Klosters has been made famous by it's connections with the British Royal Family, but it is actually a pleasantly informal village with good local amenities and access to the fabulous Parsenn mountain it shares with Davos, as well as the family-friendly Madrissa pistes. There is plenty of off-piste and a long season, plus faster road and rail connections than Davos - although you can take the train round to Davos or ski over to get to the other four mountains there. Despite the relative accessibility of much of the off-piste, it is often not as safe as it looks. An avalanche in 1988 which killed Prince Charless equerry on Gotschnawang was led by an experienced guide.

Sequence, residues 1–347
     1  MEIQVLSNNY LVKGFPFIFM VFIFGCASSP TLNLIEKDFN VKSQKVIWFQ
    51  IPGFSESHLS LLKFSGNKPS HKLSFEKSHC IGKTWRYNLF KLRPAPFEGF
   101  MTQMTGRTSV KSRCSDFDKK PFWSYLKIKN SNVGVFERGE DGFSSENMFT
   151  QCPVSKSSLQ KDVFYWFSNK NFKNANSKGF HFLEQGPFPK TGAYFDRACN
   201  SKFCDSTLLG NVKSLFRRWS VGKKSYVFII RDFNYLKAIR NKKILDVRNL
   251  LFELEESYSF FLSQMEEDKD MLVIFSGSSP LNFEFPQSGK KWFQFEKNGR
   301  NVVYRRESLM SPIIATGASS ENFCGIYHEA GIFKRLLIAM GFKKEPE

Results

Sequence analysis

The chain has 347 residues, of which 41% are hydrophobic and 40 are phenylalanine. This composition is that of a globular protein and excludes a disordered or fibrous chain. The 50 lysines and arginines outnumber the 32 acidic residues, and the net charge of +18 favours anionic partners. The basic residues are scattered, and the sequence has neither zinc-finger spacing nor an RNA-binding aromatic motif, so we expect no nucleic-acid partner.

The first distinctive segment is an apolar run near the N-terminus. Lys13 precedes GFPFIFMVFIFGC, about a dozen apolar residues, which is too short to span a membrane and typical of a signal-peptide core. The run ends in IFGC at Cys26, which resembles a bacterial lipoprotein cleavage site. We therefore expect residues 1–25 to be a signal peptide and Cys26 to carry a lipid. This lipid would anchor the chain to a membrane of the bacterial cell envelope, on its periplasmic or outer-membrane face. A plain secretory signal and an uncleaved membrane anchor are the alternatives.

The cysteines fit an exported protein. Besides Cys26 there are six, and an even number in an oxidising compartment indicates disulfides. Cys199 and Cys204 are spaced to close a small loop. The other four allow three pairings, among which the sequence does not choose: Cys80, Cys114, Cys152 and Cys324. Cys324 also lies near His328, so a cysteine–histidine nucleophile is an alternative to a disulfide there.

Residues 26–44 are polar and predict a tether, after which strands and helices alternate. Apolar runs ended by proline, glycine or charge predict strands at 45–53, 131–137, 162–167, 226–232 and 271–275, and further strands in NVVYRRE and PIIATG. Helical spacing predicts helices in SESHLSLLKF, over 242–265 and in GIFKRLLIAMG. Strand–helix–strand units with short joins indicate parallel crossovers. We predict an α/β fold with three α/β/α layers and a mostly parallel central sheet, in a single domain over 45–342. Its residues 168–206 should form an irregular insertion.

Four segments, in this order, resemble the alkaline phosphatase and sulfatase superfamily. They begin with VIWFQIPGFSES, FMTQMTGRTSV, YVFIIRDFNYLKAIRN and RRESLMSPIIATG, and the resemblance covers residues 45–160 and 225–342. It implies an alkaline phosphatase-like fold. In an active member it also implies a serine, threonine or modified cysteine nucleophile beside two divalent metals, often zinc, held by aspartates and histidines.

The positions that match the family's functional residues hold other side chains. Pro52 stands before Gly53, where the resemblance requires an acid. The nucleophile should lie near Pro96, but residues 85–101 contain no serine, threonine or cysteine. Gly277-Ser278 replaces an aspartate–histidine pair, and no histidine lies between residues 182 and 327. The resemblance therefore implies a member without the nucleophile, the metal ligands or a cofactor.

Best of the Slopes at Klosters
There is a 12km run from the Weissfluh peak, 2844m to Küblis at 810m. The run off Madrissa into the village is also almost 9k in length and drops 1500m. Also a 1km drop on the 7k run off Gotschnagrat.
Where to Eat and Party in Klosters
As Alistair Scott noted in his 1989 ski guide to Switzerland, "most of the smartest apres-ski in Klosters takes place behind closed doors in private chalets. However Gaudy's at the foot of the Parsenn is a good spot to round off a day on the slopes. Most nightlife is centred on the hotels. The upmarket Walserhof (+41 81 410 29 29) is probably the best place to eat in town.
Getting to Klosters by Train
The best destination to access the downhill slopes by public transport in this ski area is Klosters, Platz. The station is next to the cable car for Parsenn. Alight at Klosters Dorf for Madrisa and adjacent gondola.